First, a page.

The last two weeks I’ve tried to convince Anxious Bench readers that we tend to overemphasize the influence of books on Christianity, while understating that of other types of writings: e.g., hymns and prayers. As I conclude that series today, I go beyond the written word altogether and offer some historical and theological reflections on the most famous American painting of Jesus, Warner Sallman’s Head of Christ.
To convey the impact of this painting, I lean heavily on Edward J. Blum and Paul Harvey’s The Color of Christ: The Son of God & The Saga of Race in America, who make the important point that “The rise in popularity of Sallman’s Head of Christ showed that everyday Christians, not just church leaders or theologians, were the prime movers of faith’s material culture. Mothers and fathers, Sunday school teachers, and new Christian entrepreneurs were the ones who made Sallman’s Christ ubiquitous.”
But I can also add some background that Blum and Harvey don’t include, since Sallman’s version of Christ originated from within my own, small denomination: the Evangelical Covenant Church. And I close with some personal reflections of having grown up surrounded by that image:
When I come forward at Salem to take communion, I kneel at the prayer rail. As I tilt my head back to drink the cup, my eyes are drawn to a cross that is suspended in mid-air over the communion table. There is no image of Christ on that cross, but my mind invariably supplies a face that looks like Sallman’s Head. At the sacrament that brings together remembrance of the past, experience of the present Body of Christ, and expectation of our future feast in heaven, I still see Jesus as having skin near to the color of my own.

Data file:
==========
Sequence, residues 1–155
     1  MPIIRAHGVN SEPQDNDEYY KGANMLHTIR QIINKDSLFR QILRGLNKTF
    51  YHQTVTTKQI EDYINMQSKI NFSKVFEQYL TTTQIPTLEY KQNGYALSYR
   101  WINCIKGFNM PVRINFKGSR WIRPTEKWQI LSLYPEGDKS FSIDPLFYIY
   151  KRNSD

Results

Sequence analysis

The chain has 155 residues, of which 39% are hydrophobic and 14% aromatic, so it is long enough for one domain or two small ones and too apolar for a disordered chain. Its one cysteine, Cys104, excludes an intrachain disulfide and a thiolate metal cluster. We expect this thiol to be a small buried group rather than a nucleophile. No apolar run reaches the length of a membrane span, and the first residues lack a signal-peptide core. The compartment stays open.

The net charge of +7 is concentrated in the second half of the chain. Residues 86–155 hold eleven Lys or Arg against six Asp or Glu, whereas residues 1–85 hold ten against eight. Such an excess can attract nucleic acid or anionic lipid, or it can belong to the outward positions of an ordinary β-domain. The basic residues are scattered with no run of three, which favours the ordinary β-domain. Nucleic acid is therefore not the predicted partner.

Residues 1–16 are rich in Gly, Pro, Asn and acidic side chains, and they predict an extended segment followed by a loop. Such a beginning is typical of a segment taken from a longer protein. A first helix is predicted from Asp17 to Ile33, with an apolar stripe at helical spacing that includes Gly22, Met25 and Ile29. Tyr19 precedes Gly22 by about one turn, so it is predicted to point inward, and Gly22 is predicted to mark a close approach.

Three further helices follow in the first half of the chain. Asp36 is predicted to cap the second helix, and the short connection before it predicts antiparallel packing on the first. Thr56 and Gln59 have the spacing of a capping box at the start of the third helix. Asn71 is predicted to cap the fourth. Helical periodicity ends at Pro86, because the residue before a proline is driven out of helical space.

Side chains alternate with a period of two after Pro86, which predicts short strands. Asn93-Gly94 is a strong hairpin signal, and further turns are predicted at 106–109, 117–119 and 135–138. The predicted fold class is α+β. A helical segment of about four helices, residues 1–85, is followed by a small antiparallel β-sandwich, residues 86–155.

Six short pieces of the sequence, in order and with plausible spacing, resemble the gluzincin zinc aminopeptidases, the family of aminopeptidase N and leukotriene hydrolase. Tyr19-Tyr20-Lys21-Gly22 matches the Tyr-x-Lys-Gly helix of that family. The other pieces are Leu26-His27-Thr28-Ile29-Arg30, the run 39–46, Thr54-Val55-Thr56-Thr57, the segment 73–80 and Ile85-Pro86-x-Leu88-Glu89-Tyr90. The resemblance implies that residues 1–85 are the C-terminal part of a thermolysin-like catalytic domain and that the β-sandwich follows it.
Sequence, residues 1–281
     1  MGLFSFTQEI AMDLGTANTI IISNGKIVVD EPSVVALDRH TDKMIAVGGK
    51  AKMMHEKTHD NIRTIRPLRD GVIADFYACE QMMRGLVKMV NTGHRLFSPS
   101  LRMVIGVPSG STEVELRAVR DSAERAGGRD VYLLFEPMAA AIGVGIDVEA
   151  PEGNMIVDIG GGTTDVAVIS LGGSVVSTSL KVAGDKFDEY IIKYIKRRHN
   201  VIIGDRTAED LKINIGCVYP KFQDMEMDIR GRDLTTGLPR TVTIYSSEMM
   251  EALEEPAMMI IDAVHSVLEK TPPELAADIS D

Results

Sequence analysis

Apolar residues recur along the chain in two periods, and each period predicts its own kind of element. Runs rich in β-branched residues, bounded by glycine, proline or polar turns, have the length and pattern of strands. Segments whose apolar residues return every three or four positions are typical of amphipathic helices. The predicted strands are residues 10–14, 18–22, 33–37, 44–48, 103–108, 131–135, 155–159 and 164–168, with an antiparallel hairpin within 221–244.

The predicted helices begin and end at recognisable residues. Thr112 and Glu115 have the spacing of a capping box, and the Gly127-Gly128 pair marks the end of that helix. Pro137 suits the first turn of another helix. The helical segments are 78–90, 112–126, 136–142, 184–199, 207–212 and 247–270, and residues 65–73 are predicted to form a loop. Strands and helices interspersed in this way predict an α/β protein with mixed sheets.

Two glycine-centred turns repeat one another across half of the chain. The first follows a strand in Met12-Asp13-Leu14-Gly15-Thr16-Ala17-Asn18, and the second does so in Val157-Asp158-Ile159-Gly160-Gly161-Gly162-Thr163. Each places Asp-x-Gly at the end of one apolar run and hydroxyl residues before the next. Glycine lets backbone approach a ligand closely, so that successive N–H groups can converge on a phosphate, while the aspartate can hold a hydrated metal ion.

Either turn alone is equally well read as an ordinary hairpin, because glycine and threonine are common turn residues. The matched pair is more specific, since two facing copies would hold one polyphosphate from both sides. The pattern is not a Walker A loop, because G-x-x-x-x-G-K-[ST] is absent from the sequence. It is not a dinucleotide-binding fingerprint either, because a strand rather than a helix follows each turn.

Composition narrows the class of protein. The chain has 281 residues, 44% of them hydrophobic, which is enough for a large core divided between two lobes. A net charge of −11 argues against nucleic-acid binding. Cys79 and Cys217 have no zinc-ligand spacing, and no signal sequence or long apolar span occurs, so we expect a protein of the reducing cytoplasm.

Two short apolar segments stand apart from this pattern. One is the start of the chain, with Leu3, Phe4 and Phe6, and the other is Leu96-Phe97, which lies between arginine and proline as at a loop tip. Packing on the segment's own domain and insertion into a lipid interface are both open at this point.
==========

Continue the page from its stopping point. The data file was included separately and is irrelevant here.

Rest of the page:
And while that speaks as clearly as anything to the persistent privilege of whiteness within my corner of Pietism and evangelicalism, I can’t entirely regret the influence of Sallman.
The same gentleness that inspired some critics to ridicule Sallman’s Jesus as “effeminate” has done much to confirm my own idea of “biblical manhood” — not violent, aggressive, or coercive, but kenotic. In fact, the caption on our church’s Head of Christ also records that Sallman was inspired by Philippians 2:8-11, which describes a Lord who “humbled himself and became obedient to the point of death—even death on a cross.”
Growing up in pietistic, evangelical settings, I’ve always been surrounded by the expectation that we relate to God through a “personal relationship with Jesus Christ.” Indeed, that has been my life’s experience from a young age, and the relationship has been mediated through art as much as prayer, Scripture, and song. If I can claim such a friendship with the Son of Man, it’s partly because my mind so easily conjures an image that my heart so easily suffuses with feelings of love and affection.
Read the full post (and the rest of the series) at The Anxious Bench.